I am with my people. Not the actual humans — a curious mix of middle-aged women in tweed, gay couples in suits, and the odd neo-goth — but the small, furry angels they’re escorting: a scattered herd of impeccably groomed pups, each lead by beaded leash around the dog show. On a verdant expanse just outside a castle, they are lounging, greeting one another, begging for treats. All, I am assured, are having a great time.
I meet dogs in a dizzying array of shapes and sizes — a testament to the power of unnatural selection — and with varied personalities. Some, like the Chow Chow Chocho, hold court from atop their grooming stands, looking down on any subjects foolish enough to approach. (His handler tells me excitedly that Chocho is rearing to get in the ring, as his eyelids droop and his head slumps to rest.) Others, like London the Briard, give off an “honor just to be nominated” vibe, and seem content to stand still as their hair is continuously brushed. (London is also putting up with the wind from a fan placed at his feet, lest he get too hot and start panting. “His face gets wet, and it ruins the whole look of him,” his handler says, as she happily continues her Sisyphean combing.)
We are all gathered for the 145th annual Westminster Kennel Club Dog Show, and aside from the competitors, who are as glorious as I could’ve imagined, the event isn’t exactly as I expected. With all the tents and haphazardly parked vehicles, it’s giving more middle school soccer tournament than hoity-toity award ceremony. Fretting dog mothers are scurrying around with brushes and snacks, and occupying the little ones with toys; there’s a dedicated tent to purchase Westminster merch.
Because of the pandemic, the show been moved from its usual home at Madison Square Garden — this is a primetime sporting event, after all — to the grounds of New York’s Lyndhurst Castle. Gail Miller Bisher, an expert who is extremely tolerant of all my inane, ignorant questions, tells me that the location was selected not only because it’s hosted smaller dog shows in the past, but also because the children of its original owner, robber baron Jay Gould, were devoted to breeding dogs. Now, we pay tribute to the relatively benign way in which these heirs and heiresses spent their (likely jobless) days.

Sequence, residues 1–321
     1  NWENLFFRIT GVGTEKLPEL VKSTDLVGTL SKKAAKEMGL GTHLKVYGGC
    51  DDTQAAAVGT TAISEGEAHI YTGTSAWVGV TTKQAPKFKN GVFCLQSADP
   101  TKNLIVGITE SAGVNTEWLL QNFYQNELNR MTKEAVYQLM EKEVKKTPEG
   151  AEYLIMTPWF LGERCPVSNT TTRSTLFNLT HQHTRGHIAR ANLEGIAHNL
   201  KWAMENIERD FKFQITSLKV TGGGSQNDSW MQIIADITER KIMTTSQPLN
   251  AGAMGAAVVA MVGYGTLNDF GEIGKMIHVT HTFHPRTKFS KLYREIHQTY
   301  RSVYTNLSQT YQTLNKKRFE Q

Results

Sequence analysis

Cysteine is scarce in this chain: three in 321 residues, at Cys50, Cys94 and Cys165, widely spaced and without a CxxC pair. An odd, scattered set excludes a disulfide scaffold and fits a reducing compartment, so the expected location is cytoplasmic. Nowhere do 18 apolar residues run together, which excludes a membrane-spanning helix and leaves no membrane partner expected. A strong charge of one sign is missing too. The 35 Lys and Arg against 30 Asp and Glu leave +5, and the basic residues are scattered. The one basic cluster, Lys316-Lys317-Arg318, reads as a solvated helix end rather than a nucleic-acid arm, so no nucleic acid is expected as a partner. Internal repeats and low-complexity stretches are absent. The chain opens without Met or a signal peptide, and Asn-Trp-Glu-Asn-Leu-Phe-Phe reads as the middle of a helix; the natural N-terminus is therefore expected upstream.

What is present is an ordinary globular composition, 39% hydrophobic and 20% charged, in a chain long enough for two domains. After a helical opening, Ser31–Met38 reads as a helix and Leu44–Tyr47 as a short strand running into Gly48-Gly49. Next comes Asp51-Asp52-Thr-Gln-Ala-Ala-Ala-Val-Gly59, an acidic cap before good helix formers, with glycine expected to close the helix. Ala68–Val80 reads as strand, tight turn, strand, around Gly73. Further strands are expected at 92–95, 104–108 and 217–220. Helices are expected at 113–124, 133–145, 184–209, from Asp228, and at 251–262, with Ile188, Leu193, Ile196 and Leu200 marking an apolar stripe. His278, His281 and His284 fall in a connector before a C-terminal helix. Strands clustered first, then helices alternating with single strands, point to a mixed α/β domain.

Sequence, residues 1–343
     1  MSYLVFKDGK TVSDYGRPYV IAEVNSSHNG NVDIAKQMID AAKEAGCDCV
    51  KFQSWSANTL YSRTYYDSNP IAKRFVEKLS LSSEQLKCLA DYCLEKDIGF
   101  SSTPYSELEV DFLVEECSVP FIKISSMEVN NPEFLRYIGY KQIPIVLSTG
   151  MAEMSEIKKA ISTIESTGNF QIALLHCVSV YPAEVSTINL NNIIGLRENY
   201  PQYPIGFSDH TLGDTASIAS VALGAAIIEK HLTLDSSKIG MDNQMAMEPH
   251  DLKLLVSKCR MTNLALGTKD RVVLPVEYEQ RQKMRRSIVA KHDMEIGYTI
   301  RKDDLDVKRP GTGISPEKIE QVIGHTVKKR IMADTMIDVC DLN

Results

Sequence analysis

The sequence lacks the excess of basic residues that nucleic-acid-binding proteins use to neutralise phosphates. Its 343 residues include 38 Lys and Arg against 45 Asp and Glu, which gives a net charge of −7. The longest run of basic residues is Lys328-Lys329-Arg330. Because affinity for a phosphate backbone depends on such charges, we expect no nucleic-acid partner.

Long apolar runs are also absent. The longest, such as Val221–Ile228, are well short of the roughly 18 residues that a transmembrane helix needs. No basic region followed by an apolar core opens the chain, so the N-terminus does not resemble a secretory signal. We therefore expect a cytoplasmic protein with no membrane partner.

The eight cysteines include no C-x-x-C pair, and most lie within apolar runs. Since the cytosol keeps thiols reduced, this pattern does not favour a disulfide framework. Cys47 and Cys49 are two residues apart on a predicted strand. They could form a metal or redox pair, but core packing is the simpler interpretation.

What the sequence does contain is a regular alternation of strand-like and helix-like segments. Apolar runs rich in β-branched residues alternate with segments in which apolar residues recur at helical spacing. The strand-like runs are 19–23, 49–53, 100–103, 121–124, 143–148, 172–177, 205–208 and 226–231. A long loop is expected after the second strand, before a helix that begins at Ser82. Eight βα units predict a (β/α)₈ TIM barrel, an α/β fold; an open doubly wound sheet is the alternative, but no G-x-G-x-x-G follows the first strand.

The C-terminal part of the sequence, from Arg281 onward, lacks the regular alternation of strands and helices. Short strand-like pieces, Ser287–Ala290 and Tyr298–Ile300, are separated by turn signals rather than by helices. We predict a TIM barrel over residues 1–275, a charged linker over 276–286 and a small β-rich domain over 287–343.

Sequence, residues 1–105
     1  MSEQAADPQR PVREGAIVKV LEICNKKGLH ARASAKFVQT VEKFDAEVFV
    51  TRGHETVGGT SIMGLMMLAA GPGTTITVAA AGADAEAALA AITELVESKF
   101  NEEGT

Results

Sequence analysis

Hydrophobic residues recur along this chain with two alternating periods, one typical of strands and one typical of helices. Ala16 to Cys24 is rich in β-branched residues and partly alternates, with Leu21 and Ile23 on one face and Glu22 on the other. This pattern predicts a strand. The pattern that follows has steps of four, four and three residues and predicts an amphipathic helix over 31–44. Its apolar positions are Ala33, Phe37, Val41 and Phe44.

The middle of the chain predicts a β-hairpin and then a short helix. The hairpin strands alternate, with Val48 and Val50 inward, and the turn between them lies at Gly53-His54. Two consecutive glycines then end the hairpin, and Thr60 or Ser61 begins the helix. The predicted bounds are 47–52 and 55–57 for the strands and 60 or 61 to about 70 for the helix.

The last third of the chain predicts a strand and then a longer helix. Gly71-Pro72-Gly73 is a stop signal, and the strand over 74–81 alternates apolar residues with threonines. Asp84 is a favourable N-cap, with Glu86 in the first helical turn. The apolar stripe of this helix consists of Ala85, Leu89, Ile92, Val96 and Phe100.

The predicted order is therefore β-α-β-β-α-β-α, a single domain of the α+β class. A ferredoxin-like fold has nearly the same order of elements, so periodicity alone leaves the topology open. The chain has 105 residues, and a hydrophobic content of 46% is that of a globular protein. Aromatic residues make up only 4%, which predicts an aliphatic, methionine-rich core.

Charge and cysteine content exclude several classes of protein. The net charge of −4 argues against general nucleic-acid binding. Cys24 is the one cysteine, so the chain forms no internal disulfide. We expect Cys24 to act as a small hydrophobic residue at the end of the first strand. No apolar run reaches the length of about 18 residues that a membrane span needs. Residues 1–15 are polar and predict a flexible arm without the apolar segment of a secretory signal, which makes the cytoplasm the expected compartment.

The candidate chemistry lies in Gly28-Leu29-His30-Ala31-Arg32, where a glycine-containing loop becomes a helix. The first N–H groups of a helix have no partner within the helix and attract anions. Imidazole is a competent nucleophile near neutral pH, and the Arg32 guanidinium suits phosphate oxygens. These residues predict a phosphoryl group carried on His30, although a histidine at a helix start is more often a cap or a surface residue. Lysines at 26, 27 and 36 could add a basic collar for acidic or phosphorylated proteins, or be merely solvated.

The dogs do not know this — that the grass they’re peeing on was once planted by a railroad tycoon, or that they’re at the most prestigious canine competition in America. They don’t even know they’re in America. Many of these breeds predate such vagaries anyways; the Bergamesco, for instance, has been around or a millennium or two. They’re considered Italian in origin, but existed long “before Italy was Italy,” the owner of Valto, a friendly, overlarge mop, tells me.
Indeed, the owner of Lily, a regal and mysterious Saluki, says that living with his chosen breed makes him feel “a little bit like an archaeologist all the time” — that and a talent manager, as Lily looks “like a supermodel” when in repose. Lily appears to take herself very seriously, and I am utterly unsurprised to hear that she doesn’t think she’s in “a beauty contest,” but rather a “performance event.” She likes the challenge — but even more, she likes the social aspect. “She’s never met a Saluki she didn’t like,” her owner says.
It’s the same for Jula, an eager and amiable Puli whose eyes are almost entirely buried under a pile of dreadlocks. (Between Jula, Valto, and Wasabi — the waddling fur ball who will take home the big prize tomorrow — I’m all about the mops.) “He doesn’t get to see a lot of the Pulis,” his owner explains, and the shows allow him to meet his own kind. Off to the side, a fellow Puli has settled down into the grass, morphing into fuzzy gray pancake. He is magnificent: a sublime physical specimen, a patron saint of sloth. And he is at peace, at home among his kind.
I get it. They like to be with their people.
Photography by Chloe Foussianes